Nokia Facilitates Machine Vision Deployment via Bring Your Own Algorithms and Federated Learning

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1Q 2021 | IN-6076

In the face of a crowded competitive landscape, Nokia is trying to differentiate itself through innovative features, such as Bring Your Own Algorithms (BYOA) and federated learning. This ABI Insight looks at these features in depth and evaluates Nokia’s value propositions

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Nokia's Foray into Machine Learning -Based Machine Vision


In 2017, Nokia acquired SpaceTime Insight, which included applications for asset-intensive industries and an integrated platform for developing, running, and creating applications. Now, as part of Nokia Cloud and Network Services, Nokia SpaceTime analytics provides an extensive portfolio of advanced analytics capabilities.

An example of this is Nokia’s video analytics solution called SpaceTime scene analytics, which allows users to perform surveillance, anomaly detection, and metadata generation based on sensor inputs, images, and video streams. The solution supports a wide range of video cameras and IoT sensors through local-area and wide-area networks. In order to ensure the support for legacy systems, Nokia’s SpaceTime scene analytics can be integrated with all major Vendor-Management Systems (VMS) such as Milestone, Genetec, and Eagle Eye Networks, as well as legacy SCADA and ERP systems. While these are very common features, Nokia SpaceTime has some other innovative features up its sleeve.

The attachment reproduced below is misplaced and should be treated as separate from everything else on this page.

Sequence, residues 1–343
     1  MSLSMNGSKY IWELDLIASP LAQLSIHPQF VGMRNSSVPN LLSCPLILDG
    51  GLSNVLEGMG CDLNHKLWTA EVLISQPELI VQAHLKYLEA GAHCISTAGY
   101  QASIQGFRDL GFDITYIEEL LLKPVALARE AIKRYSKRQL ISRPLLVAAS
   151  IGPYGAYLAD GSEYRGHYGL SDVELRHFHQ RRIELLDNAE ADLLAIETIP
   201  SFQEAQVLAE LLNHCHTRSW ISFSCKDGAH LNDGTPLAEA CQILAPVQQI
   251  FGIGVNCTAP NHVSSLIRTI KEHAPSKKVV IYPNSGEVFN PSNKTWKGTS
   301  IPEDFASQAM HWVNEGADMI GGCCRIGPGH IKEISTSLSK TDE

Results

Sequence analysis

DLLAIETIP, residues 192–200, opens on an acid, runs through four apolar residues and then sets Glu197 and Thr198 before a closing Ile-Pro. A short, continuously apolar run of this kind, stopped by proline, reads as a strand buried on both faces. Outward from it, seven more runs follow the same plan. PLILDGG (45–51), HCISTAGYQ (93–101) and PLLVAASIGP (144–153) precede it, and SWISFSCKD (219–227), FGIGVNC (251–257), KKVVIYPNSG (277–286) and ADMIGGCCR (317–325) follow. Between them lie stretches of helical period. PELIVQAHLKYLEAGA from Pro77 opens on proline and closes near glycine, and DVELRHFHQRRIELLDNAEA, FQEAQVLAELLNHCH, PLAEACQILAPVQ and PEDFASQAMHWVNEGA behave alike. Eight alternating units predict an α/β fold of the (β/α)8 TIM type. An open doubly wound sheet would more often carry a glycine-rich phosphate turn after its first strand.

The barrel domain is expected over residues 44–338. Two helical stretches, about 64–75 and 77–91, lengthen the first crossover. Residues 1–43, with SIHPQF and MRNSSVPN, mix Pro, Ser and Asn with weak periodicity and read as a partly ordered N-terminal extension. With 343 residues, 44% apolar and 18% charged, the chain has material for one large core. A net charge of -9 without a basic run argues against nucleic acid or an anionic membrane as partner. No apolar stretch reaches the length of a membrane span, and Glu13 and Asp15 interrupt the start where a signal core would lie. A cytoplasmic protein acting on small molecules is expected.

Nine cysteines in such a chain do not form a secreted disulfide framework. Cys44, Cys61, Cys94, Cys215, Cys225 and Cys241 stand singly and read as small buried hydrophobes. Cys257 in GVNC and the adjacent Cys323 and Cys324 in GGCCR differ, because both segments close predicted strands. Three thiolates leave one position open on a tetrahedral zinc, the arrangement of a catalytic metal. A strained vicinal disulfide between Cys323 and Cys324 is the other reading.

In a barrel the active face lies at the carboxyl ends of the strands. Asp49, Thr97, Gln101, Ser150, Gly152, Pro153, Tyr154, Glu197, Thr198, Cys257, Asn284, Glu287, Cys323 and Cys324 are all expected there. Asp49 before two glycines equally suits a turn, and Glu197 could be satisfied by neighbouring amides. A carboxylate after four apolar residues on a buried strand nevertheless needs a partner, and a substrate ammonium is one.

Innovative Features


One key innovative feature of Nokia’s SpaceTime scene analytics is Bring Your Own Algorithm (BYOA). Enterprise users can develop their own Machine Learning (ML)-based machine vision application in a software container and host it on gateways or call it from public cloud using the Application Programming Interface (API) available in the scene analytics Software Development Kit (SDK). The scene analytics SDK supports common ML algorithm development tools such as Jupyter Notebook and TensorFlow. This provides a high degree of flexibility and customization for enterprises. However, it would be interesting to see how Nokia addresses the need of ML developers when it comes to specific chipset architecture support, such as Nvidia’s Graphics Processing Unit (GPU), Intel’s Movidius Myriad X Vision Processing Unit (VPU), and Xilinx Versal ACAP.